Dfr1 amplicons prepared by PCR were first purified using the Thermo Fisher Scientific PCR purification kit, according to the manufacturer’s instructions, quantified using Qubit fluorometry (Life Technologies) and diluted for sequencing library preparation. Libraries were constructed using plexWell library kit technology (seqWell, Beverly MA). In this approach, each 1+ kb pool of diverse amplicons is tagged with a pool-specific barcode via a transposase-mediated adapter addition at random locations. After this tagging, the pools of amplicons are then pooled into a single meta-pool, and subjected to a second transposase-mediated adapter addition. Fragments of this pool containing sequence from each of the two iterative adapter additions are then amplified to yield a final sequence library representing identifiable fragments from each original amplicon pool. Sequencing data is available upon request. We have deposited the raw fastq files at the NCBI SRA under the accession number SRP072709.

Variant allele frequency estimation

DFR1-targeted sequencing data was collected and processed separately for the diploid and haploid experiments. To align the raw (fastq) sequencing data to the S. cerevisiae genome, we first trimmed the Illumina adaptor sequences using cutadapt (v 1.7.1) (--anywhere AGATCGGAAGAGC). Then the paired-end reads were aligned to the April 2011 UCSC S. cerevisae reference genome (sacCer3) using bwa (v 0.7.12) mem with the -M flag set. Finally, the resulting bam files were indexed and sorted for subsequent processing and visualization.

First, we used samtools (v 1.2) mpileup to generate pileup files for the DFR1 gene region chrXV:780367–782084. We also set the -A and -BQ0 flag to get high quality read depth estimates without discarding anomalous reads, and we set the maximum depth to 10,000,000 to ensure no truncation of read depth occurs. We used a custom program, described previously [14], to provide the count of each base pair at each position in the region of interest. Then, we ran RVD2 gibbs on the wild-type, T0, T1, T2, and T3 data sets separately with the default warm-up, thinning and sample size parameters to estimate the model parameters and latent variables in the RVD2 statistical model. Finally, we called variants between all pairs of data sets using RVD2 somatic test with an interval of [0.001, 100] and a significance level (α) of 0.05. The somatic test calls a provisional variant at a position if the Bayesian posterior probability (estimated from a sample size of 1000 from the model posterior distribution) that the difference between the VAF in two data sets (e.g. T0 and T1) is in the interval is greater than 1-α (two-sided). The provisional variant is called a variant if the distribution over the non-reference bases is non-uniform by a chi-squared test with a significance level of 0.05. Calls based on these posterior credible intervals were not adjusted for multiple comparisons and we did not detect any gross deviations from the assumptions of the statistical model for this data. Further details on the estimation procedures and hypothesis test are provided in the RVD2 study [14].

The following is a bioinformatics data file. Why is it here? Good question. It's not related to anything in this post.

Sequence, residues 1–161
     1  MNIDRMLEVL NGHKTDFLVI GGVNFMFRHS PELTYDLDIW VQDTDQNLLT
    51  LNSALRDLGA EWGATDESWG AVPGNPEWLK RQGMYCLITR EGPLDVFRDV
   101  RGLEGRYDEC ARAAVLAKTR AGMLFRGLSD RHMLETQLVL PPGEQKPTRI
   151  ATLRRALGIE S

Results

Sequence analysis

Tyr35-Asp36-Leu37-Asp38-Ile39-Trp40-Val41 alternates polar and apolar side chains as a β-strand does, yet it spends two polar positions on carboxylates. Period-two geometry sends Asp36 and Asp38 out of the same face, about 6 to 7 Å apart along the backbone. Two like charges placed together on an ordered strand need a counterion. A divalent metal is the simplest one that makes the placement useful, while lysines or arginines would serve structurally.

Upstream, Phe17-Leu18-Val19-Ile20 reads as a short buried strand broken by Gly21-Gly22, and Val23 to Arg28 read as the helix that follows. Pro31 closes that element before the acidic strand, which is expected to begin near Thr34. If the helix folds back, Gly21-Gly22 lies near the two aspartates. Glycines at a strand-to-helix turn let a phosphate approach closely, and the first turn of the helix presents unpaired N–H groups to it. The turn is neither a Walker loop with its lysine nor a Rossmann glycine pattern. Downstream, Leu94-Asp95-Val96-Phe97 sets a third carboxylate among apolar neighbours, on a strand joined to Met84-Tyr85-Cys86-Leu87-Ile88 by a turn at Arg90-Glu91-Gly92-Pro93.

Code availability

Our statistical model and variant calling method as described previously [14] is publicly and freely available at

Diversity estimation

Given a set of called variants, V, we compute the diversity as follows. To compute the diversity, we first compute the KL divergence from to p where p = 1/|V| where is the estimated non-reference read rate at called position j. The KL divergence is zero if and only if is equal to p. In that case, each variant is equally represented in the pool and the entire pool was made up of variant clones. Otherwise, the KL divergence is greater than zero. We compute the diversity as

The tanh function is -1 when and 0 when . So, is 0 when and 1 when . Summing over all of the called variants means that the maximum value of the diversity grows with the number of variants. Therefore, this diversity measure captures both the uniformity of the distribution of the variants as well as the total number of variants.

IDT gene fragments for the construction of dfr1 mutants

Gene fragments containing coding sequence point mutations flanked by DFR1 specific homology sequences were synthesized by IDT (S6 Table). Gene fragments containing wild-type yeast DFR1 and human DHFR and DHFRL1 sequences were included as controls. Each gene fragment was resuspended in water (molecular grade, Thermo Fisher Scientific) to make a 10 ng/μl stock and stored at -20°C. Prior to yeast transformation, the gene fragments were PCR amplified using Phusion High Fidelity, according to the manufacturer’s instructions (Thermo Fisher Scientific). For each PCR reaction, 10 ng of the IDT gene fragment was used as template in a 50 μl reaction and amplified with the oligonucleotides listed in S1 Table.

Construction of dfr1 mutants by yeast transformation